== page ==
COMIC DRAMA; 2hr 7min (Spanish with subtitles)

STARRING: Eugenio Derbez, Daniel Haddad

Hands on: from left, Derbez and Haddad

Even downplayed for drabness, the Mexican border town of Matamoros is a red zone with its cartel criminality, its poverty and its dustbowl desertscape. Unsurprisingly, the sixth-grade kids of Escuela Primaria José Urbina Lopez have minimal expectations reflected in the diminished returns of their spirit-sapping home lives. The resigned school director, Chucho (Haddad), isn’t immune, either, admitting with no discernible regret to new teacher Sergio (Derbez) that “no one gives a damn what happens here.”


But in that defeatist assumption, Chucho happens to be wrong, for Sergio cares with everything he has to give. Like lightning in a bottle, he zeroes in on the apathy of his under-performing pupils, encouraging them to think outside their stifling box while winning them over bit by bit with his energised intent and offbeat smarts. As tirelessly imagined by Derbez, this guy — based on an actual, awesome teacher — is so phenomenal his miserable little school should be selling tickets to the Sergio Show. Instead, sigh, he raises bureaucratic hassles for being different. So far, so foreseeable.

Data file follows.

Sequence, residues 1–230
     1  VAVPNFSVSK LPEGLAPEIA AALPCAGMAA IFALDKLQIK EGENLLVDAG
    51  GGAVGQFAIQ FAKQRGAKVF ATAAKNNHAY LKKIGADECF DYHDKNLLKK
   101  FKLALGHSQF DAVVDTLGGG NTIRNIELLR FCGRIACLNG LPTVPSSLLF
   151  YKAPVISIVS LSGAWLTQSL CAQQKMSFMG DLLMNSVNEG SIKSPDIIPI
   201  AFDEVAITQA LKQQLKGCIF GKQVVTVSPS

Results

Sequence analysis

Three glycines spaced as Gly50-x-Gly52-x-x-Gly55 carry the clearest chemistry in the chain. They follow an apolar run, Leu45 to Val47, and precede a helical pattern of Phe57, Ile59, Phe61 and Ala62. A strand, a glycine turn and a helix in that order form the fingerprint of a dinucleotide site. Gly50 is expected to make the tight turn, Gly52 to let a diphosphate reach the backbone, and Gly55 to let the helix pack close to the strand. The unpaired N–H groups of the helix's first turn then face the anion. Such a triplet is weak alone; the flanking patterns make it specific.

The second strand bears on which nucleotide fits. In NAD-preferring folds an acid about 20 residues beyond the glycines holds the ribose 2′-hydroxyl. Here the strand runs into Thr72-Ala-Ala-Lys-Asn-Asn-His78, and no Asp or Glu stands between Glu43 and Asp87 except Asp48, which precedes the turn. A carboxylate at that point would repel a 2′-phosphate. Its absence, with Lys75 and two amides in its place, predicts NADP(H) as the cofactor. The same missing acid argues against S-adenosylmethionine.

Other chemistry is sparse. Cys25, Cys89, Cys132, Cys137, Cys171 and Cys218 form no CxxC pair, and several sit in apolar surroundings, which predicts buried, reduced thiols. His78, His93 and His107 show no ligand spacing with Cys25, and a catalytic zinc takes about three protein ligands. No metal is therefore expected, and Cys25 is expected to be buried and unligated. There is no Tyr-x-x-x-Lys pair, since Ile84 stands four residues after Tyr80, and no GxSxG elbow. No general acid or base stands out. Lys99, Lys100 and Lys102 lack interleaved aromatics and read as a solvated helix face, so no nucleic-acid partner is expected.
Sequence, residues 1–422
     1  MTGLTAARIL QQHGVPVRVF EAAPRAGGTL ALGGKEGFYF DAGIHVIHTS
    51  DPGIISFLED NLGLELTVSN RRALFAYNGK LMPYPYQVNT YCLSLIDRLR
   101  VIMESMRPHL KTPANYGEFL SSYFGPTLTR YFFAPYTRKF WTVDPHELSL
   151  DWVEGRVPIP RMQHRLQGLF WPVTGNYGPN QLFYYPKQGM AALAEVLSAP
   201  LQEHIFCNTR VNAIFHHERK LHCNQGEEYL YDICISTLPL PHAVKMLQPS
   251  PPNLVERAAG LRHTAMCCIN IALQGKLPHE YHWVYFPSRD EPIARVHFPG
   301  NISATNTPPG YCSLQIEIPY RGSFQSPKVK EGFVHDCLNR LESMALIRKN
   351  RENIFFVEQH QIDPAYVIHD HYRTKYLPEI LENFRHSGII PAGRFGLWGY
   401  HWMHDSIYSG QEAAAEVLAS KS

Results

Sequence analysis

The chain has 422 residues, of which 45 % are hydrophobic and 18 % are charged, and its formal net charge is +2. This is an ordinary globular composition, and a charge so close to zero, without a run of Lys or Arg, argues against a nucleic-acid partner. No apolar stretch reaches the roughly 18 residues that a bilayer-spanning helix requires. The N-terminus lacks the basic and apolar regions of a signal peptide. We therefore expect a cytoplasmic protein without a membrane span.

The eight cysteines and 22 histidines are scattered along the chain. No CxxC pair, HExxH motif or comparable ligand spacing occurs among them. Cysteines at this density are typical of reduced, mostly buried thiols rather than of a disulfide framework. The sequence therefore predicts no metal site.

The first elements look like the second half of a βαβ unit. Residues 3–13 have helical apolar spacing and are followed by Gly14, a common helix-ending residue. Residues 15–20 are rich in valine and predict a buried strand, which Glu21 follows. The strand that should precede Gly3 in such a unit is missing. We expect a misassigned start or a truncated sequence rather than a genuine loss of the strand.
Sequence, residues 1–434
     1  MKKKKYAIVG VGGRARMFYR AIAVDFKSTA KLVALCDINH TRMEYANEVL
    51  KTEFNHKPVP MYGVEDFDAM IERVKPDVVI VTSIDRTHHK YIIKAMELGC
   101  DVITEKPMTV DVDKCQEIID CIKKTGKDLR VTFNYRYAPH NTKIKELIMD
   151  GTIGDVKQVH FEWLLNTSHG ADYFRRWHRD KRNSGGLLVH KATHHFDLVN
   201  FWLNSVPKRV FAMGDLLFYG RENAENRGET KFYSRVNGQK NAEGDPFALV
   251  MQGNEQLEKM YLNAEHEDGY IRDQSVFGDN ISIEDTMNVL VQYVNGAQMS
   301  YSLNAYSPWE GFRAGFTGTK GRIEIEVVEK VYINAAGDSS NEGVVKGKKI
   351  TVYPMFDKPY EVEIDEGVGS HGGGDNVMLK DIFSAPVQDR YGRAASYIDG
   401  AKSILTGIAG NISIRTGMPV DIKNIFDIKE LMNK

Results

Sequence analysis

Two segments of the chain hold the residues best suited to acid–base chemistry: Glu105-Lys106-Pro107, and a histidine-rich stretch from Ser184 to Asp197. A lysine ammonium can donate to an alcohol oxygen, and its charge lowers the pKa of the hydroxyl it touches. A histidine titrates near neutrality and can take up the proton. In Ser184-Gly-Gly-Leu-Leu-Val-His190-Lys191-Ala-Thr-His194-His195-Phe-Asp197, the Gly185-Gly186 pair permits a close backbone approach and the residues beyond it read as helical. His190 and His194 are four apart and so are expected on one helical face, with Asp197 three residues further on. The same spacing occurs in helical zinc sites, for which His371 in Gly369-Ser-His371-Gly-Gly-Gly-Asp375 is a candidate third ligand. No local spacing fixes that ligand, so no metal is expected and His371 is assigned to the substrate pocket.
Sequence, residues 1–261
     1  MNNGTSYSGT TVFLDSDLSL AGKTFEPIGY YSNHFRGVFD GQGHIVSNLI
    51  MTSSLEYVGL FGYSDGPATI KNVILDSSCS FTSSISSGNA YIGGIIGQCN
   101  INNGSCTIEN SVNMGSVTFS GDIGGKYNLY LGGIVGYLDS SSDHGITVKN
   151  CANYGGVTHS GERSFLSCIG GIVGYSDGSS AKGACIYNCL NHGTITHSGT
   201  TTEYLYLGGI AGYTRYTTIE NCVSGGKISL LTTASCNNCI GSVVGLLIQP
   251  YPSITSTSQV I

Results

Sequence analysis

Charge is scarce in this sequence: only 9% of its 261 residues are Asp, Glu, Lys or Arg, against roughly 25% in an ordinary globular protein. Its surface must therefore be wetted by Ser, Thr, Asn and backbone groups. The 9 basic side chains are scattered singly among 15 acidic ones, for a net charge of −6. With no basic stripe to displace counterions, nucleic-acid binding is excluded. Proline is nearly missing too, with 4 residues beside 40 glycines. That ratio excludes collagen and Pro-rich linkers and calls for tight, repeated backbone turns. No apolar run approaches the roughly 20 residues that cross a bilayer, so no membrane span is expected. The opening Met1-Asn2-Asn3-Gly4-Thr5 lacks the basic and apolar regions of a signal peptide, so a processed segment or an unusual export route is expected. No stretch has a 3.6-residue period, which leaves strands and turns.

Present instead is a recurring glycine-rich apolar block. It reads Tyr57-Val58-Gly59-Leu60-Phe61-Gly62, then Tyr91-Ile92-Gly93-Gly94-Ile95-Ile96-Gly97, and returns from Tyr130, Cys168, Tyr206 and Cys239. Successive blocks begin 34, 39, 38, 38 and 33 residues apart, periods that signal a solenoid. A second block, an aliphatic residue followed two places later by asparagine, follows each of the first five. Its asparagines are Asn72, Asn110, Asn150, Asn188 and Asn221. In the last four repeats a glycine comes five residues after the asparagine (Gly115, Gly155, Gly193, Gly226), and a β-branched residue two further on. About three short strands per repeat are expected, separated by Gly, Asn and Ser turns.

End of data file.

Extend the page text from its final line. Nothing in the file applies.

Inspired by a 2013 Wired article, writer-director Christopher Zalla’s 2023 Sundance Film Festival Favourite Award winner is a blast of sunshine that weathers the storms of hidebound teachers, resistant parents and the malign grip of gang mentality. If Zalla leans heavily on a worn-in arc of earnest overdrive, it’s because the stakes couldn’t be higher for the children involved. Lupe (Mia Fernanda Solis) is a nascent philosopher. Paloma (Jennifer Trejo), the sharpest card in the deck, is an aspiring aerospace engineer. While not every kid will make those rarefied grades, each one of them deserves a fighting chance, and Sergio’s wacky tactics are their portal to self-belief.